The same mice at the Scripps Research Institute produced Ubp43 -/- mice from heterozygous breedings. At the age of genotyping (3–4 wks old), a ratio of 1:4:1 from 58 pups was observed. However, work done at Scripps found that backcrossing Ubp43 het mice (C57 BL/6 × 129) with C57 BL/6 mice to F10 generation did not produce any viable Ubp43 -/- pups. Similar to reports by the UW facility, homozygous Ubp43 null mice died in utero by 12.5 dpc. It is believed that genetic drift, influenced by the contribution from C57/BL 6 lineage, altered the outcome at the UW facility. The founder animals at the UW facility could have influenced the expressionicity of the +/- interbreedings by either increased genetic contribution from C57 BL/6 or potential deletion of the 129 pGK-Neo fragment by crossing into the Swiss Webster strain.
Differences in viable offspring due to location may be a reflection of facility environmental cues. However, bacterial and viral analyses of Ubp43 mice from our facility were negative suggesting that other causes may be responsible for fetal loss. The slight changes in angiogenic and hypoxia markers provided preliminary evidence that hypoxia played a major role in fetal loss, however future experiments are planned to further study this possibility. Mouse genetic background and associated genetic modifiers plays a significant role in sensitivity to interferon [53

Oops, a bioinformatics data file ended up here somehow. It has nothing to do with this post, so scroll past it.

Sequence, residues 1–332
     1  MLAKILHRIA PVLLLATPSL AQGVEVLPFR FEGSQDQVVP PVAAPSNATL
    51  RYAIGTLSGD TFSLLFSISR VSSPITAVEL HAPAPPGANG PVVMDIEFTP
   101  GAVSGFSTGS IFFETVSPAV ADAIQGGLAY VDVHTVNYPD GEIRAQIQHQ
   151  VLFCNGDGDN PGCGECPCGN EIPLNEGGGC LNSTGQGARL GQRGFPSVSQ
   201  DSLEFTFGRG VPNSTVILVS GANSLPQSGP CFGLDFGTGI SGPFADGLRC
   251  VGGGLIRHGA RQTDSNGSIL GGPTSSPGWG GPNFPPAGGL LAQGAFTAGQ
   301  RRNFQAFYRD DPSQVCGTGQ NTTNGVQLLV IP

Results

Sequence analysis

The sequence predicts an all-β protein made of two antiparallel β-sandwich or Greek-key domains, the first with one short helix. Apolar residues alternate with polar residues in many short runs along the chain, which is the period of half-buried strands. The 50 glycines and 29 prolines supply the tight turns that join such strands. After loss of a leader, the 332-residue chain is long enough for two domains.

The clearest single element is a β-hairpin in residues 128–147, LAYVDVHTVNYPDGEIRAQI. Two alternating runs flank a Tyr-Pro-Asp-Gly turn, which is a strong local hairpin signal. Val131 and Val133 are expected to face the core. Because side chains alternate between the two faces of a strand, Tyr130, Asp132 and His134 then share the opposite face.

] and may also explain why fetuses died in the present experiment, but apparently were born and then died post-natally in other Ubp43 -/- experiments [30
]. The genetic drift due to a mixed background may actually have caused the unexpected fetal loss.